2. Also urges States to work for better dissemination and implementation of their

relevant international human rights obligations and commitments, particularly those

relating to the rights of women and girls, including by using outreach tools;


3. Further urges States to develop and implement, at the national level, policies,

programmes, action plans and national legislation for the elimination of female genital

mutilation, based on integrated multisectoral, coordinated and collective approaches at all

levels, taking into account the empowerment of former practitioners, the principles of

human rights, equality between women and men and non-discrimination, to ensure that

former practitioners abstain from resuming the exercise of this practice, and in general

taking into account the issue of respect for the basic human rights of women and girls,

while also working together with religious and traditional leaders;

4. Urges States to condemn all harmful practices that affect women and girls, in

particular female genital mutilation, whether committed within or outside a medical


5. Stresses the importance of working with local, regional and national networks

to address female genital mutilation, while warning about the risk of shifting the practice

from one country to another;

6. Also stresses the need to establish synergy between the activities of

international, regional and local organizations to provide better support to field

programmes, strengthen advocacy and ensure international support for the planning,

development and implementation of innovative long-term strategies for the effective

elimination of female genital mutilation;

7. Urges States to strengthen support to communities, especially those that have

developed successful local models to prevent and eliminate female genital mutilation, by

encouraging them to design and utilize education programmes, information and awareness-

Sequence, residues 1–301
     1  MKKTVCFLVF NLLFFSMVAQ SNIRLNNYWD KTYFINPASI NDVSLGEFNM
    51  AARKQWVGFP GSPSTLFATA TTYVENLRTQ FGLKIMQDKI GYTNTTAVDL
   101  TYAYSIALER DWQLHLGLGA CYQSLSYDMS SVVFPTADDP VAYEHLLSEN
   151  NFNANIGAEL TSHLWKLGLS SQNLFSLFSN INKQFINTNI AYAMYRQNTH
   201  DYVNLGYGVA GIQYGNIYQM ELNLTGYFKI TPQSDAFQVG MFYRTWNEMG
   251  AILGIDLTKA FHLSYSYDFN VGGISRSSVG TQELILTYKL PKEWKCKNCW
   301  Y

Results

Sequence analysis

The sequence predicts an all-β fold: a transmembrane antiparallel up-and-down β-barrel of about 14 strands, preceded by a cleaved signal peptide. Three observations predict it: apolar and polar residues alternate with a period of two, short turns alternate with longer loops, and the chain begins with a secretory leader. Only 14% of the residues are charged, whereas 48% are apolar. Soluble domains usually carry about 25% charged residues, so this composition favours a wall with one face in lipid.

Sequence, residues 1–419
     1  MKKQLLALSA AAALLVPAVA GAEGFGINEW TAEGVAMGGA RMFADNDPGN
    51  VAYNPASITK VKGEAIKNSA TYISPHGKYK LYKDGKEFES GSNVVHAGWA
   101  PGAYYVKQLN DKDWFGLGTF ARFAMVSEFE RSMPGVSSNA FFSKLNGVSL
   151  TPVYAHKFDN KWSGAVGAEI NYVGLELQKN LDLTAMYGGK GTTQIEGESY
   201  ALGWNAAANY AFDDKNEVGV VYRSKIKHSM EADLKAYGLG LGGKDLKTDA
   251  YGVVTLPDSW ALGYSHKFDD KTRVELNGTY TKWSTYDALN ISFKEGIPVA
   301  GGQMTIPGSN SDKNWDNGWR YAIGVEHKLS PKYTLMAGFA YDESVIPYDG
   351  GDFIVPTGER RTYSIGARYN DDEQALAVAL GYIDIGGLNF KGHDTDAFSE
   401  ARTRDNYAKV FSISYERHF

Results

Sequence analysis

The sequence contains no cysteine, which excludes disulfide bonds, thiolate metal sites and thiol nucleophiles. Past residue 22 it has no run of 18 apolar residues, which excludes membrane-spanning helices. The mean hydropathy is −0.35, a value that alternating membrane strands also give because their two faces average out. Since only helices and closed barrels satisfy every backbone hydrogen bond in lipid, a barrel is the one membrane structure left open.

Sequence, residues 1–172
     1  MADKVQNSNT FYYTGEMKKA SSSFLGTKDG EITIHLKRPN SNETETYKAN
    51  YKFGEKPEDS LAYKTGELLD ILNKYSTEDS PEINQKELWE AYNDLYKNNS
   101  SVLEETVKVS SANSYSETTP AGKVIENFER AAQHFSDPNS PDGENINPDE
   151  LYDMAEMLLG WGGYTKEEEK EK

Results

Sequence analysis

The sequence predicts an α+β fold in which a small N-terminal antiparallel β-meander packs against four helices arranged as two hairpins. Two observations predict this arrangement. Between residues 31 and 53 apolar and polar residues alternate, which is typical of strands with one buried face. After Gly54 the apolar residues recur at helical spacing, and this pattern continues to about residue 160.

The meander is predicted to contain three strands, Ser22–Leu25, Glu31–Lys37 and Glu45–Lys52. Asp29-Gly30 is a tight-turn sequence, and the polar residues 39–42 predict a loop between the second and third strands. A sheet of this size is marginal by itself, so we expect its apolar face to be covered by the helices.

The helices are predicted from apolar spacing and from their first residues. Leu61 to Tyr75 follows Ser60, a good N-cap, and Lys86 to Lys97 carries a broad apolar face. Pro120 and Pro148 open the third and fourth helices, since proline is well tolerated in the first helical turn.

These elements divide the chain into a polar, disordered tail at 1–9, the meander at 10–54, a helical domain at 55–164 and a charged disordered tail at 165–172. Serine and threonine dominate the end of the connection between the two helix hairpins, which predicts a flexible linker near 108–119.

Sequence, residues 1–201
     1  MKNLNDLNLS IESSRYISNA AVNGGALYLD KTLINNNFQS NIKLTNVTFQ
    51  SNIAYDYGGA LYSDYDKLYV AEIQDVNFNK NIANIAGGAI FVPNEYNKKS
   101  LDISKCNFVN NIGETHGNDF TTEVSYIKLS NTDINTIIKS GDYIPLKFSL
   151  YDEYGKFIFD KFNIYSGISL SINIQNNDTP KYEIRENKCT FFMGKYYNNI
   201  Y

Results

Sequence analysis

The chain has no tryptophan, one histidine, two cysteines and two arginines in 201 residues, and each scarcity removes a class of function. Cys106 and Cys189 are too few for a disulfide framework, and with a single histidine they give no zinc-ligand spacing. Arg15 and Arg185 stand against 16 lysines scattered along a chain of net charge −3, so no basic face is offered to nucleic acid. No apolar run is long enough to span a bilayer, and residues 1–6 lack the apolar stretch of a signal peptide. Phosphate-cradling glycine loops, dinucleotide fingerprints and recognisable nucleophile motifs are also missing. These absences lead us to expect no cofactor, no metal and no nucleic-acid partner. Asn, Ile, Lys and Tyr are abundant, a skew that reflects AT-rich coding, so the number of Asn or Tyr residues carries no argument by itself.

raising tools and to make them accessible to the greatest number of people possible;

8. Urges States, international and regional governmental organizations and civil

society, including non-governmental organizations, to intensify research on the

consequences of female genital mutilation, the persistence of the practice and the impact of

campaigns and other initiatives to eliminate this scourge;

9. Urges the international community to continue and strengthen efforts to share

best practices on national and regional legislation, policies, programmes and action plans

aimed at preventing and criminalizing the practice, to mobilize resources and to enhance

international cooperation in this regard;

10. Calls upon States to continue to increase technical and financial assistance for

the effective implementation of policies, programmes and action plans to eliminate female

genital mutilation at the national, regional and international levels, including by

strengthening the United Nations Population Fund-United Nations Children’s Fund Joint

Programme on Female Genital Mutilation/Cutting: Accelerating Change, and all the other

initiatives and activities at the local, regional and international levels aimed at the

prevention and elimination of female genital mutilation;

11. Calls upon States, the international community and the organizations of the

United Nations system to end the medicalization of female genital mutilation, which entails

the definition and dissemination of guidelines to medical staff, and to provide, including

through clinical guidelines, an adequate response to the chronic health problems suffered by

the millions of women and girls who have undergone female genital mutilation and that

hinder progress on health in general;

12. Urges the international community to keep the issue of the elimination of

female genital mutilation on the agenda of development policies, within the framework of

the process of developing the post-2015 development agenda;

13. Encourages the treaty bodies, in particular the Committee on Economic, Social

and Cultural Rights, the Human Rights Committee, the Committee on the Rights of the

Child, the Committee on the Elimination of Discrimination against Women, the Committee

against Torture and the Committee on the Protection of the Rights of All Migrant Workers

and Members of Their Families, to continue to give the necessary consideration to the

question of female genital mutilation;

14. Requests the United Nations High Commissioner for Human Rights to prepare,

in consultation with States, the World Health Organization, the United Nations Children’s

Fund, the United Nations Population Fund, the treaty bodies, relevant special procedures,

regional organizations, national human rights institutions, civil society and other relevant

stakeholders, a compilation of good practices and major challenges in preventing and

eliminating female genital mutilation, and to submit it to the Human Rights Council at its

twenty-ninth session;

15. Decides to remain seized of the matter.

40th meeting

26 September 2014

[Adopted without a vote.]